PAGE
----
The film opens with the thumping and powerful Public Enemy song, 'Fight The Power,' which sets the tone for the rest of the film. A customer, at an Italian-American pizza joint, complains about the lack of Black artists on the wall, a bulked but quiet 'Radio Raheem' plays his stereo everywhere he goes, and a near senile, old drunk wanders on the streets aimlessly. Following those events, all in a day in Brooklyn, the film chronicles how subtle racial hostility and microaggressions eventually cause the Black community to erupt, only to cause incalculable violence and demolition. And it did not help that the sweltering summer day was the year's hottest.
The film is inadvertently and horrifically prescient. Towards the end of the film, a character is choked to death by multiple police officers. As those officers suffocate him with a baton, all the witnesses shriek with horror. He gasps for breath. The officers enjoy their gratuitousness. Over thirty years later, as director Spike Lee acknowledged, history repeats itself. The only difference is that in this case, it is not fiction.
Spike Lee has delved into similar subject matter in his other films — BlacKkKlansman, Malcolm X, Chi-Raq, and Da 5 Bloods.
The cinematic intersection between racism and homosexuality are still uncommon. They aren't easy to come by, especially when they are as sensitively crafted as this one. The film hinges on the experiences of one character, Chiron, a gay Black man — as a child, then a teenager, and then an adult. Sexual epithets are hurled at him, he is called effeminate, and even is a victim of abuse at home. It is an unvarnished look at the Black community, of prejudice within it as well as the sustaining cultural harmony.
Memphis' Beale Street has been a heart of blues music, that first emerged shortly after slavery was abolished. Blues has ever since carried a vein of emancipation — it supported Black heritage and "hollered" against oppressive social structures. And it is the hopelessness in this film that contrasts this very idea. A 22-year-old Fonny, wrongfully accused of assault and rape, is put behind bars — away from his pregnant girlfriend Tish, desperate to prove his innocence. Injustice, discrimination, and chauvinism have been recurring subjects in most of these films. But Jenkins doesn't approach this exclusively. The women, here are doubly otherised. His girlfriend is sexualised and exoticised, quite sickeningly. Their world can only be imagined, and trauma, even less so. In the end, you do wonder — if Beale Street could talk, would the couple be better off?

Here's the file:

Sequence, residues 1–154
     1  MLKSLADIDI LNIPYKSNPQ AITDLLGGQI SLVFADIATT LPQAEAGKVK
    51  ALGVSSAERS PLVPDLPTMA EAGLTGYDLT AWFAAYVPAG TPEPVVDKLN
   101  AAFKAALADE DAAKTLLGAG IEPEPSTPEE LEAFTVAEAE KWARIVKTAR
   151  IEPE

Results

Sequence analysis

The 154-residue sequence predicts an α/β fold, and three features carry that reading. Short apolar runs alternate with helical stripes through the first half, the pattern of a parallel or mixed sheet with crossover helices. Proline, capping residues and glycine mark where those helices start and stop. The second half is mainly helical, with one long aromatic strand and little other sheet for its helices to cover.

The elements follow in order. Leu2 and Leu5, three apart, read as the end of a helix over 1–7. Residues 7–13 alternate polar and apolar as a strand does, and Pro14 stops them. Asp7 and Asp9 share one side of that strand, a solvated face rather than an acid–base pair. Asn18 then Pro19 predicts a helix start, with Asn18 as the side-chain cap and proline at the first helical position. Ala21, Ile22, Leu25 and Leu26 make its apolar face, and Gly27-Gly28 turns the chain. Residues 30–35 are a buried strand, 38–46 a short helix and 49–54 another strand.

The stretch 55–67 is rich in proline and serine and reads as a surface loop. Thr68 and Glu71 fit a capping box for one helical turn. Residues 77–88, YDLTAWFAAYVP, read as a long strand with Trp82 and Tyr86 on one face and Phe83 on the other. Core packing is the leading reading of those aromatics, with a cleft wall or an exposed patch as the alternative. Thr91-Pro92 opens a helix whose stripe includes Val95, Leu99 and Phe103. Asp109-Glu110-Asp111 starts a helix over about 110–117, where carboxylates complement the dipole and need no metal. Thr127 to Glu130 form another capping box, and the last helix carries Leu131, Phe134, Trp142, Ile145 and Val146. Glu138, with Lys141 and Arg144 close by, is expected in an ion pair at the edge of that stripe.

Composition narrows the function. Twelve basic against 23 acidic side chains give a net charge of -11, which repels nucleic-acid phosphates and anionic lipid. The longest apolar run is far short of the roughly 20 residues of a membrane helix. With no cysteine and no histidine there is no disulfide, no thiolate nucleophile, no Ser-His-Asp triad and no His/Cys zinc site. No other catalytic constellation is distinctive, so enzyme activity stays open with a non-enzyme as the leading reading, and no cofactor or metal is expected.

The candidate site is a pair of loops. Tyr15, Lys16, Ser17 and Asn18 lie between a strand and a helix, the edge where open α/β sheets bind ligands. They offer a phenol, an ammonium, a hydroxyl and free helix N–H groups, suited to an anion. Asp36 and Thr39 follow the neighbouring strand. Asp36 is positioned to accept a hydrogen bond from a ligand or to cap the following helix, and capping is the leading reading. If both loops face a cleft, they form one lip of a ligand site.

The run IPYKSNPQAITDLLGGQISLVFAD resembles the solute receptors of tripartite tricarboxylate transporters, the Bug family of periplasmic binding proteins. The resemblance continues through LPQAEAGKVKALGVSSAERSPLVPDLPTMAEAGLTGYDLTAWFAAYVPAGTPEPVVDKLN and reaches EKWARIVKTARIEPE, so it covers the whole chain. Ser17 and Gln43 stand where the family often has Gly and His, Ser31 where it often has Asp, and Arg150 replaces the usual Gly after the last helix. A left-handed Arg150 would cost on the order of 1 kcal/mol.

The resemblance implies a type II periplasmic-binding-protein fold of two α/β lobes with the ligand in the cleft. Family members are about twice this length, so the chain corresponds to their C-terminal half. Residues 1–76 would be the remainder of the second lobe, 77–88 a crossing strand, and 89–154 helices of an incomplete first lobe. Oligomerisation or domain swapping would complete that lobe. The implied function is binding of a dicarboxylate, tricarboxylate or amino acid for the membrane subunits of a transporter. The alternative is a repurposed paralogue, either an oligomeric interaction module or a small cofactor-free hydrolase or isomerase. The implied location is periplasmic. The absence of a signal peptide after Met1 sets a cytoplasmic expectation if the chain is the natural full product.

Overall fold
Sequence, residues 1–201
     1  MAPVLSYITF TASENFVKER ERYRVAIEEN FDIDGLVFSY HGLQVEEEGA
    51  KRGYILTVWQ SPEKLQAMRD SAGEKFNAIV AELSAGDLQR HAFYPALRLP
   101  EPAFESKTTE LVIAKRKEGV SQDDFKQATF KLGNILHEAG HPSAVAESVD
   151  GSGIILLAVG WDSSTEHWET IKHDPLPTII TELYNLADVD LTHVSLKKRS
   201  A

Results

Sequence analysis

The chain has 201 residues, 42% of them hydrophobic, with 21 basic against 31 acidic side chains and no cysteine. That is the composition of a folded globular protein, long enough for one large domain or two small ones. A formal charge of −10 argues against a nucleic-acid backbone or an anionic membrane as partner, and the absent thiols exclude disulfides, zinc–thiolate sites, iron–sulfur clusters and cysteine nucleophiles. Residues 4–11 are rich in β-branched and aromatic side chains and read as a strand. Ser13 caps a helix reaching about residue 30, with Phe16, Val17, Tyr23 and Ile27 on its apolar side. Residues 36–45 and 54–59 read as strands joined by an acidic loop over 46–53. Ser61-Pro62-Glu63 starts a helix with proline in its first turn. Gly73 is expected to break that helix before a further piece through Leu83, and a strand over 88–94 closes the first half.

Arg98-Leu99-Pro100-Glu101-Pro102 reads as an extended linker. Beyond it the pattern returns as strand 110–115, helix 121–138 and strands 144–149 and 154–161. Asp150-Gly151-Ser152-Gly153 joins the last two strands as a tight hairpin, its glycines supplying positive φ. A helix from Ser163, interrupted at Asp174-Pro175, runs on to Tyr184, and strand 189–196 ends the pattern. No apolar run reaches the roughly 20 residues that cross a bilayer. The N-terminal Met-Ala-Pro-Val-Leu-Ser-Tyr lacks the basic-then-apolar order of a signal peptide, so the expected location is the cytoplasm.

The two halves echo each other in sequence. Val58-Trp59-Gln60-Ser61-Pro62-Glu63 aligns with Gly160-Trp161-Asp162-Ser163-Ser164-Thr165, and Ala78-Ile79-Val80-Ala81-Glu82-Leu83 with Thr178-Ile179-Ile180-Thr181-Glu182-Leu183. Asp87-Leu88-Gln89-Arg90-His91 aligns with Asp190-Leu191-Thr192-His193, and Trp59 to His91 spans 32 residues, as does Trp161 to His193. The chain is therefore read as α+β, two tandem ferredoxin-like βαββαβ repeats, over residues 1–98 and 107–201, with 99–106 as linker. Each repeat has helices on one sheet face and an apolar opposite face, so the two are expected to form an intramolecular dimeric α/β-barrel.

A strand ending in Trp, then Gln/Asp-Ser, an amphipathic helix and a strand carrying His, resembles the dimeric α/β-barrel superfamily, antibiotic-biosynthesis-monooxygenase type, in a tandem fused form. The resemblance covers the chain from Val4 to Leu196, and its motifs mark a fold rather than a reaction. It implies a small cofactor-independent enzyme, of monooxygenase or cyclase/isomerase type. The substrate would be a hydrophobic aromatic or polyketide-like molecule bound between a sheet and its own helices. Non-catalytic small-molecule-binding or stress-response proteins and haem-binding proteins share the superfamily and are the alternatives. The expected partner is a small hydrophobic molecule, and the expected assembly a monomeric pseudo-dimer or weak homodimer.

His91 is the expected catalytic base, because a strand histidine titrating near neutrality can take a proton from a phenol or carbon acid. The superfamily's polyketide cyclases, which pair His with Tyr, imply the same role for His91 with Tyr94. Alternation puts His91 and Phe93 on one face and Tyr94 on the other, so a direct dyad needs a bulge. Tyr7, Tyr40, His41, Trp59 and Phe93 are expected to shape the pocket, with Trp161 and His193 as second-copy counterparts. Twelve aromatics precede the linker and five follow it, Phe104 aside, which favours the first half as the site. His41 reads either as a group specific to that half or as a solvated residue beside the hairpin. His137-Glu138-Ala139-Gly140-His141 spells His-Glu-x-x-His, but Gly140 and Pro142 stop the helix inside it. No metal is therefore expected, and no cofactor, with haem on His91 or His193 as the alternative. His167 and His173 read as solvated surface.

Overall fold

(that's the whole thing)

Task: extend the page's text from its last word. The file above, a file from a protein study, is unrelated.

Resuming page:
There is no comedy in this special. There is no stand-up. This is a purely half an hour long Chappelle monologue on George Floyd's murder. The name of this special, too, is indicative of that — the police officer knelt on him for 8 minutes and 46 seconds. There hardly is any audience here, and to quite a lot of extent, it's better that way. It's a quiet monologue. Despite having a few laughs seep into it, he doesn't care about being funny. And he shouldn't. As such an unfiltered stream of consciousness, Chappelle minces no words when talking about police brutality and unabashedly calls out on the differing news anchors and journalists.
This is one of the few films in this list that explicitly grapples with class and racial tensions by equally focusing on a White household alongside a Black one that works for them. The circumstances for the latter family are significantly distressful — they live in the Southern half of the US, entrenched in the Jim Crow laws, and have a son fighting in the war, right after the attack on Pearl Harbour. Rees offers a trenchant view of the family — they are mudbound, inescapably stuck in the wretched and mucky land on Earth.
Her earlier works, Pariah (2007 and 2011) and Bessie also focus on the Black experience.
"The blue sky seemed to descend like a blanket." These are the words used to describe the assassination of activist Medgar Evers, also to symbolically apply to countless other lives that were lost in the civil rights movement. Narrated through the words of James Baldwin, a writer, essayist, and activist, the documentary studies Baldwin's account of Malcolm X, Martin Luther King, Jr., and Medgar Evers. It is a portrait of American history — of Black struggle, trauma and ultimately, weariness. The material of this documentary and Baldwin's poetically woven manuscript still hold their place in the world today. They must be repeated and heard again.
Some other artists that deserve a mention — Steve McQueen, Yance Ford, Jordan Peele, Ryan Coogler, Melina Matsoukas, F. Gary Gray, Lee Daniels, Gina Prince-Bythewood, and John Singleton.